What should my relatives/friends do if a seizure occurs during visiting?

Friends and family may also notify staff of any attacks, episodes or seizures they suspect have occurred. This can be done by pressing the alarm button on your waistcoat or by calling for help in the microphones that are placed in the room. This taped information is important for analysis of the event. Please note that even while you relatives/friends are in your room, the hospital has legal responsibility for your safety so a mem ber of staff will be in near proximity but at the same time allow you some degree of privacy

When will I be informed about the results of my tests?

It may take two to four weeks for the results to be available. The neurologist and the telemetry team may be able to discuss the test results before you are discharged but often a more detailed review of your test is needed before a result is available. A written report will be forwarded to your referring consultant.

When will I know when I can go home?

You will be informed at least 24 hours before discharge that you are able to go home. We recommend that when possible you arrange for a family member or friend to pick you up and accompany you home.

Am I likely to experience any problems at home after this test?

It is unlikely that you will experience any problems after discharge. If your medication was reduced or stopped during your admission, you are at a slightly increased risk of experiencing problems with seizure. This is normally avoided by restarting your medication at least 24 hours before you are discharged home.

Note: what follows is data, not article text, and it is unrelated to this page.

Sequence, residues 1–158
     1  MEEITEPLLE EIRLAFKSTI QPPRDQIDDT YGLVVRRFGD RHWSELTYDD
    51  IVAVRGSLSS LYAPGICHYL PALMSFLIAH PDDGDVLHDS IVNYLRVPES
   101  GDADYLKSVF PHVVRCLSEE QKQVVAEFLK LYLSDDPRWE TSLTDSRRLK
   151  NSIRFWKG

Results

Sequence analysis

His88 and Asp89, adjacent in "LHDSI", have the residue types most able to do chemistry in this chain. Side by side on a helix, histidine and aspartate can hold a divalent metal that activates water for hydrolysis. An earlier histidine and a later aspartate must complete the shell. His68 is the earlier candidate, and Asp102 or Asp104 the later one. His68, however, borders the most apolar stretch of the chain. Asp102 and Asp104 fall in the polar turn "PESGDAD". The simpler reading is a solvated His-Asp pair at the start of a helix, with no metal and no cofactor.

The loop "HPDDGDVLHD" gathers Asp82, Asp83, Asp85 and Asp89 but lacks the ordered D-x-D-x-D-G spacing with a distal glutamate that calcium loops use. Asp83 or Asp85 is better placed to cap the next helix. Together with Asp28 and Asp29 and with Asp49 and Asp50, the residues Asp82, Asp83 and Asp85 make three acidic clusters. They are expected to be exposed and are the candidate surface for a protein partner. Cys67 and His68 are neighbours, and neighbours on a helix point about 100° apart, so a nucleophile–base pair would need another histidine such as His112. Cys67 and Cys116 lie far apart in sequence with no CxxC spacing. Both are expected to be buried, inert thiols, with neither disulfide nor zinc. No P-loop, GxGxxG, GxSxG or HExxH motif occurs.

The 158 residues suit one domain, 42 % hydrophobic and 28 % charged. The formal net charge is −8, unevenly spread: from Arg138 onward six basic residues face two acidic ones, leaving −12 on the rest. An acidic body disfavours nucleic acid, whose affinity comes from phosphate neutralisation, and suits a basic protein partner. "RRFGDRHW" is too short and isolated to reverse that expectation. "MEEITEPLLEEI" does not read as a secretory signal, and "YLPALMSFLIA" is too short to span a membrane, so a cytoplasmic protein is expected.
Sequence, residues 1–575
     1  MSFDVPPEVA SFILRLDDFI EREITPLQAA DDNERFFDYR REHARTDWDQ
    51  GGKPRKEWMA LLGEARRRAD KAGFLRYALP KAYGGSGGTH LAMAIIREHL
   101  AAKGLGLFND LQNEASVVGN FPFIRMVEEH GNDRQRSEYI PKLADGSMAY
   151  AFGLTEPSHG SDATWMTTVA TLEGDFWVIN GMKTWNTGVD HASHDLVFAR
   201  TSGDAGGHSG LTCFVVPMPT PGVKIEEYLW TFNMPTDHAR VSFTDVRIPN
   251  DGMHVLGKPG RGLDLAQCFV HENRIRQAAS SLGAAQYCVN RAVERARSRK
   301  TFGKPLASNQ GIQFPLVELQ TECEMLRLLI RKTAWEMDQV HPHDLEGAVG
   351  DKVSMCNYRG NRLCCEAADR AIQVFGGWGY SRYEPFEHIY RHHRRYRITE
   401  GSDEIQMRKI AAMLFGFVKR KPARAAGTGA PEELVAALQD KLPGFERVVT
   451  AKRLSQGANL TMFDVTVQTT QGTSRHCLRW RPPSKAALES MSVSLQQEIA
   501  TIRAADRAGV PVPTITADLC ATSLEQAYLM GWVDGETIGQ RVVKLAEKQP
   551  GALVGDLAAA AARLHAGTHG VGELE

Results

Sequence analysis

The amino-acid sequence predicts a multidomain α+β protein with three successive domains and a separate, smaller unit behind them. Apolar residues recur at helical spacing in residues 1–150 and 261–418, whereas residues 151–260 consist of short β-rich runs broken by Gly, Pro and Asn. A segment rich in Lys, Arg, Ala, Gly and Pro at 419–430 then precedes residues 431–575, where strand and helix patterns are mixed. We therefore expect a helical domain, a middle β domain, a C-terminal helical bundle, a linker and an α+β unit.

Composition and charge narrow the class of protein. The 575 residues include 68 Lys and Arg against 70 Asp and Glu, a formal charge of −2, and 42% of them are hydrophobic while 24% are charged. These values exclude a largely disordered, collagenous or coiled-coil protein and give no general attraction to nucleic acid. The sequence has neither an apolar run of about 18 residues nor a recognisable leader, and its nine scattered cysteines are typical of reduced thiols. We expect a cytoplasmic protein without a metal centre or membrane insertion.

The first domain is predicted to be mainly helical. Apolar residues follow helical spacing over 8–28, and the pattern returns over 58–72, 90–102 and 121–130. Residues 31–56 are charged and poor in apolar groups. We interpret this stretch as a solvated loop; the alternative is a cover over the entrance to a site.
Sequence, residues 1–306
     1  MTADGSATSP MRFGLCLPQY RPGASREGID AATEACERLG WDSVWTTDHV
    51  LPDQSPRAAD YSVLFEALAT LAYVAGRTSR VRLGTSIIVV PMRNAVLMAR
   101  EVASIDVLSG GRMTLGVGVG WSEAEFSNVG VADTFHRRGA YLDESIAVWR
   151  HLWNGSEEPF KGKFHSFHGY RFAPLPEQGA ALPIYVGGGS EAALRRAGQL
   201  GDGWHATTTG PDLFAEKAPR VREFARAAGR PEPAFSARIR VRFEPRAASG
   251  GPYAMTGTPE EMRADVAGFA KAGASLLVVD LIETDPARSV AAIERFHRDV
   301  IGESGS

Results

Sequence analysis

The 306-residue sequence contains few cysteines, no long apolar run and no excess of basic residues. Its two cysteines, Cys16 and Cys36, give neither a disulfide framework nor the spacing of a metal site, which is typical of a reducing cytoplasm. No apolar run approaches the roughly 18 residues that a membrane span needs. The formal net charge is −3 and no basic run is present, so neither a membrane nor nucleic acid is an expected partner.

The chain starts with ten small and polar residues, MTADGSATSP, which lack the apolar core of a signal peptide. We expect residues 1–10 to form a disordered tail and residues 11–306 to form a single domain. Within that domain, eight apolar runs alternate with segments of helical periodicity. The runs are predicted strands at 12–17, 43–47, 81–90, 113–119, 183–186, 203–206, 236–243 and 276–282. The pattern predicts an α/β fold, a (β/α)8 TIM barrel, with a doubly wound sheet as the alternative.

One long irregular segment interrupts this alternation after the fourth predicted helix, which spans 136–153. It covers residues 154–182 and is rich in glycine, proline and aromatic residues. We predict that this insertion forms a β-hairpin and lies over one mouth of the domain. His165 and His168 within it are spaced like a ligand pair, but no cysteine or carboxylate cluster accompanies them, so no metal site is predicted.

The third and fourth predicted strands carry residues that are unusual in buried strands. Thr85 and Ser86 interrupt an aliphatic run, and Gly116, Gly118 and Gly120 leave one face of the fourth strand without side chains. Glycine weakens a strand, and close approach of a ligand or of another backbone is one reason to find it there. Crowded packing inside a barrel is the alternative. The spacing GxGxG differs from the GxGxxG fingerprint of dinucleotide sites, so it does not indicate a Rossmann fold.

In the unlikely event of a dramatic increase in the number or change in your seizures (usually within 24-48 hours of discharge), you should contact any of the following:

1) Epilepsy nurse practitioner Tel: 01223 217992

2) Your GP

3) Attend your nearest accident and emergency department.

Remember your relative/friend can di al 999 if you are experiencing one seizure immediately after another wi thout recovering between seizures.

What else do I need to know?


To ensure your modesty and comfort, please wear loose clothing that is cool and comfortable. Most people wear jogging tops and trousers, T-shirt, shorts or nightclothes. Tops that are front fastening are easier to put on and take off due to the monitoring leads placed on your scalp.